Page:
Mayor Bill de Blasio said Wednesday afternoon that he pulled out from attending a meeting at the White House with President Trump, after the Justice Department threatened to subpoena more than a dozen sanctuary cities.

In a tweet, de Blasio said he would not attend the meeting after the Department of Justice "decided to renew their racist assault on our immigrant communities."

The mayor's staff told NY1 that the decision was made just minutes after the Justice Department demanded documents from 23 so-called sanctuary cities to show whether or not local law enforcement officers are keeping information from federal immigration authorities. If the cities do not comply, the DOJ threatened subpoenas.

De Blasio planned to be among a group of mayors from across the country who were scheduled to attend a 3 p.m. meeting at the White House with a focus on infrastructure.

However, mayors from across the country boycotted the gathering, upset over a letter threatening funding to sanctuary cities.

Mitch Landrieu, the president of the U.S. Conference of Mayors, said the Justice Department's demands made the meeting "untenable."

"When the President is prepared to engage in an honest conversation about the future of our shared constituencies, we will be honored to join him," a statement from Landrieu reads, in part.



The Trump administration has promised to move forward with a massive infrastructure program this year, after it went nowhere last year. 

During the campaign, Trump promised to revamp roads, bridges, and airports.

The Justice Department sent a letter to the director of the Mayor's Office of Criminal Justice. Using-mind numbing legalese, the document demands she answer this: Is the NYPD shielding from deportation undocumented immigrants the department arrests?

The Trump administration long has said New York is, and, unless it gets what it wants, the Justice Department is threatening "all lawful tools," as one Justice Department official told NY1.

Among them is that New York return a multimillion dollar crimefighting grant named for a slain NYPD officer.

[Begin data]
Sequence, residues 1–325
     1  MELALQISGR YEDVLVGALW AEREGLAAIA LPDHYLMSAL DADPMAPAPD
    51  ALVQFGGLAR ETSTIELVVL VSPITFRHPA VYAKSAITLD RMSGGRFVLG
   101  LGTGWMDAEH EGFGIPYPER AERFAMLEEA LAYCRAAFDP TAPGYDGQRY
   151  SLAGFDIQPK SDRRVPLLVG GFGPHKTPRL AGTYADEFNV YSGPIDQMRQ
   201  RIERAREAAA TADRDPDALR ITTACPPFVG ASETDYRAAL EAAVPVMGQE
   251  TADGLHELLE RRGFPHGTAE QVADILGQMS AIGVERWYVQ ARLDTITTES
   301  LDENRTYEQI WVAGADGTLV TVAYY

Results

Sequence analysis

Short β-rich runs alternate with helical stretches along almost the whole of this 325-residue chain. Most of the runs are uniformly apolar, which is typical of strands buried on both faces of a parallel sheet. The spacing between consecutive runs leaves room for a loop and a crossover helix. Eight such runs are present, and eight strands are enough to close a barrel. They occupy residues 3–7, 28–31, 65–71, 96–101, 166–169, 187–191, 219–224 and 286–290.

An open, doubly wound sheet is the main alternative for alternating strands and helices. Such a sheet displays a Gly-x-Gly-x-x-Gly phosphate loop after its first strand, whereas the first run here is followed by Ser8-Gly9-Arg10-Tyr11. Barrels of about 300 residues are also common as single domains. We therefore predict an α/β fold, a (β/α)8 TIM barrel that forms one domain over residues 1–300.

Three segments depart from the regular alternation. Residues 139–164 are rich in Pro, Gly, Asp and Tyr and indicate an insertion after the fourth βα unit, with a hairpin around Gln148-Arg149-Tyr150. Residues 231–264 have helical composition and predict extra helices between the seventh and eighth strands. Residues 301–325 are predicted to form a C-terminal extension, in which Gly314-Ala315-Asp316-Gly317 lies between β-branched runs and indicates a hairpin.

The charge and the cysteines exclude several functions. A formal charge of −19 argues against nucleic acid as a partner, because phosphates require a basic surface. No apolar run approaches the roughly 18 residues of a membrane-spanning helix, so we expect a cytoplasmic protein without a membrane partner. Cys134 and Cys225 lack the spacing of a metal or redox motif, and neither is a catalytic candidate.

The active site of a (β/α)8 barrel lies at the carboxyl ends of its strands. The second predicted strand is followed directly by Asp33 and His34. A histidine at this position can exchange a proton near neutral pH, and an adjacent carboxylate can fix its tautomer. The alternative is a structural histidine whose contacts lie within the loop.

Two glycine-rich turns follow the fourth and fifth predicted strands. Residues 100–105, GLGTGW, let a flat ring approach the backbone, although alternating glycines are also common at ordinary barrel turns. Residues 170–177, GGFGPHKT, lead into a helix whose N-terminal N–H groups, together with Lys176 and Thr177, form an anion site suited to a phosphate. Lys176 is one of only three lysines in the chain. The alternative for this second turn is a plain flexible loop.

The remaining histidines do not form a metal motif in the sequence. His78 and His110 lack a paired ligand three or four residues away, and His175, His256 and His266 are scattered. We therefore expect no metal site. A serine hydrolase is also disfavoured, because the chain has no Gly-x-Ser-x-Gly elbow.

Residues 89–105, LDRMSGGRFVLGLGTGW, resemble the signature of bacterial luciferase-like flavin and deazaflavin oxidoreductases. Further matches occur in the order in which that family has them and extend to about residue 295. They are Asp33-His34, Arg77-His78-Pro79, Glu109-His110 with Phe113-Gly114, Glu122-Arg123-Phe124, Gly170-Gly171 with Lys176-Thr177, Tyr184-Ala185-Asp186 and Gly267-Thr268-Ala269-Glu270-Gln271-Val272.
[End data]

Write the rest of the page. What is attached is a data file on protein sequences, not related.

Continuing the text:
The Justice Department is investigating whether the city is complying. But it appears that cracking down on undocumented immigrants wasn't a part of getting the grant.

Search "alien" in Frequently Asked Questions about the grant, and you get nothing. In fact, it's only the 2017 grant that requires two new express conditions: Permitting federal agents access local jails to meet with quote aliens, and providing advance notice to agents regarding when an alien may be released. Although it applied, New York City hasn't been approved for the 2017 grant.

A close look also shows that de Blasio is offering misleading information. "The cuts that have been proposed are at minimum in the tens of millions of dollars and would have a very serious impact on our efforts," the mayor said Wednesday.

In fact, the grant is $4.3 million, far less than one percent of a budget that is nearly $86 billion.

The city says other grants provide a bigger total and the Trump administration could stop those.

Amid all the vague legal language and fuzzy math, one thing seems clear: This case is headed to court.

"The federal government's anti-immigrant machinery — the deportation machine — is not after just people who don't have documentation; it is after all immigrants," New York Civil Liberties Union Executive Director Donna Lieberman said.

If it does go to court, the city says it's prepared. It says the Supreme Court has ruled that the federal government cannot deny federal funds to localities in cases like this, pointing to a decision over the Affordable Care Act, which was supported by the Chief Justice, who was appointed by a Republican president.